David Klement


Darrough, Dr. Galen

Committee Member

Burgett, Dr. Jill

Committee Member

Oravitz, Dr. Michael

Committee Member

Welch, Dr. Michael


School of Music: Music


University of Northern Colorado

Type of Resources


Place of Publication

Greeley (Colo.)


University of Northern Colorado

Date Created



157 pages

Digital Origin

Born digital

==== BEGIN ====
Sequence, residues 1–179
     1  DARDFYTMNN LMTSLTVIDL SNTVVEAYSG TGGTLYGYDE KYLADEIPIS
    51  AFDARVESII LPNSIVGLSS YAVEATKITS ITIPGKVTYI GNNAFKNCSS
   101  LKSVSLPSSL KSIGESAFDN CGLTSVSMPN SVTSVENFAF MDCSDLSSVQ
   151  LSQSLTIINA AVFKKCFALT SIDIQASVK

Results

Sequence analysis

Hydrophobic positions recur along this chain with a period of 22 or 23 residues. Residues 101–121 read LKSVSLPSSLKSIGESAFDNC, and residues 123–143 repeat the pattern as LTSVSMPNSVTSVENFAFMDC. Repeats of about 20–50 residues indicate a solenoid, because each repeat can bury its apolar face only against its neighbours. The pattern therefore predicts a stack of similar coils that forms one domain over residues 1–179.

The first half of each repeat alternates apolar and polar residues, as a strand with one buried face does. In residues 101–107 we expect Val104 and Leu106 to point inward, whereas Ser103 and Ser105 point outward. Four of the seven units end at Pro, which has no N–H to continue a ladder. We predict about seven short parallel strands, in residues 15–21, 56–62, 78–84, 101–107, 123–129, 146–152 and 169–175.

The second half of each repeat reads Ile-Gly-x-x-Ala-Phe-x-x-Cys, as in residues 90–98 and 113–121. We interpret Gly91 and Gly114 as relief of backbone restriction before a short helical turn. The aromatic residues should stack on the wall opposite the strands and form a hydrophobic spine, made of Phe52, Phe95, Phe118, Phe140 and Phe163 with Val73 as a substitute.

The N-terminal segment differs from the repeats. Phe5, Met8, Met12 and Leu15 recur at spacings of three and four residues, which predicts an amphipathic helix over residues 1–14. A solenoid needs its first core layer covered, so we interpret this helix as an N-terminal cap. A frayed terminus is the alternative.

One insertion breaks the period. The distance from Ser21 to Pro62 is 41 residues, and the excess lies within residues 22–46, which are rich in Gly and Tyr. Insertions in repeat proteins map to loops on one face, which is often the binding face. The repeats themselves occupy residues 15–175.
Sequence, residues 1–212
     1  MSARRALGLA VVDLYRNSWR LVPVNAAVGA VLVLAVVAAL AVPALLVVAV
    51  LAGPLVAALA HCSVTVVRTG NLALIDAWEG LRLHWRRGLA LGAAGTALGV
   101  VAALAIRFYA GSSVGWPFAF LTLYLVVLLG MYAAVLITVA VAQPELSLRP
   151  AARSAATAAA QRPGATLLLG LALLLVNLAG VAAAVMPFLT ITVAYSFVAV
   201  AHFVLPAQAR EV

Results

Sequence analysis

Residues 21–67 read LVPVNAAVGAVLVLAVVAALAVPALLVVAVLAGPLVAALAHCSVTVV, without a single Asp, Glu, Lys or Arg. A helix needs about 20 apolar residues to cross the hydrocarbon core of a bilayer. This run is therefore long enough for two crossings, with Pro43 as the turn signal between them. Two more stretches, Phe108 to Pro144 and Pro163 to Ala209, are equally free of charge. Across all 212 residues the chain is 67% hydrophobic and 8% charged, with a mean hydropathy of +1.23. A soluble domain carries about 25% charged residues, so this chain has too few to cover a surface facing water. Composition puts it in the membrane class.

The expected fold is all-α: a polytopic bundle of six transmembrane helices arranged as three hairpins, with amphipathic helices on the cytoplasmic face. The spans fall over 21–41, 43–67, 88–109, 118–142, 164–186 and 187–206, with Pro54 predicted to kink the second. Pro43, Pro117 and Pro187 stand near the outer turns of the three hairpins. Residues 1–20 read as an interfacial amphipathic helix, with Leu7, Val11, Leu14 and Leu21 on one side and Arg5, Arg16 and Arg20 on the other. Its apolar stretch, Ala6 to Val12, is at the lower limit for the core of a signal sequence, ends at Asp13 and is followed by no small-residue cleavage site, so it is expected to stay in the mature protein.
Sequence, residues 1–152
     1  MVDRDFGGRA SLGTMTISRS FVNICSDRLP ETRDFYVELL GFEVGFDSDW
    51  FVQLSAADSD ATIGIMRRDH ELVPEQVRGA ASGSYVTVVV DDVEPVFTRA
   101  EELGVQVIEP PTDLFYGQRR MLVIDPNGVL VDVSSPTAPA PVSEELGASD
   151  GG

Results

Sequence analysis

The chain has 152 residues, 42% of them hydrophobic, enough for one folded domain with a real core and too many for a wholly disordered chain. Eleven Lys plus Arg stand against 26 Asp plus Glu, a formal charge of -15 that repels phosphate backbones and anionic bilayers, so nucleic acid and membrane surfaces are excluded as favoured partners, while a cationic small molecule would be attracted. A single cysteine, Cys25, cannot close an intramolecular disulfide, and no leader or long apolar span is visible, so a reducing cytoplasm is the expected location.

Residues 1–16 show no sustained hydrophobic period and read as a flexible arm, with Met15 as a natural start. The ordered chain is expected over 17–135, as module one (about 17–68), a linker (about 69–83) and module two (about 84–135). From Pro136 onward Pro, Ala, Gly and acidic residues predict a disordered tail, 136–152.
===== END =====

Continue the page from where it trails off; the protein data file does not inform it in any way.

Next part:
Edward Elgar’s The Music Makers, op 69, a cantata for full choir, mezzo-soprano soloist and orchestra, was debuted and conducted by the composer on October 1, 1912 at the Birmingham Festival in England. Based on the now familiar poem by late nineteenth-century English pre-Raphaelite poet Arthur O’Shaughnessy (1844-1881), and beginning with the phrase “We are the music makers and we are the dreamers of dreams”, the work is considered by some historians to be a personal requiem by the composer. Written at Elgar’s peak of compositional creativity, this extended, almost forty-minute cantata, is a choral work of deep personal meaning and reflection. The Music Makers was criticized by his contemporaries on two counts. Elgar set the entirety of O’Shaughnessy’s “Ode” as his libretto whereas in other works, such as The Dream of Gerontius, he chose only those poetic lines that best suited the drama of the work. In the late nineteenth century, O’Shaughnessy’s poems were briefly in fashion, but by the time Elgar set the “Ode” only a few years later, they came across as being dated and of questionable literary quality. In addition, Elgar included numerous musical quotations from earlier compositions, including his own Symphonies #1 and #2, Sea Pictures, The Dream of Gerontius, and the “Enigma” Variations. As a result, many reviews critiqued the work as lacking compositional originality and creativity. With its debut in the years leading up to England’s entry into World War I, and with less than stellar public reviews, the work did not receive the number of early public performances which other Elgar works tended to enjoy. This pattern has continued to this day. The Music Makers tends to be performed for its curiosity value and recorded only by large orchestra choruses in conjunction with professional orchestras, and the few live performances tend to be limited to ones in England. However, The Music Makers deserves greater visibility as it is actually more accessible to a broader level of choral ensemble, including college and larger community choirs, than is assumed. This study will show that with an informed understanding of the history, form, and interpretive opportunities of The Music Makers, combined with strategies to addressing some of the pedagogical, vocal and conducting challenges, Elgar’s magnum opus is a worthy work to perform at almost any choral level.


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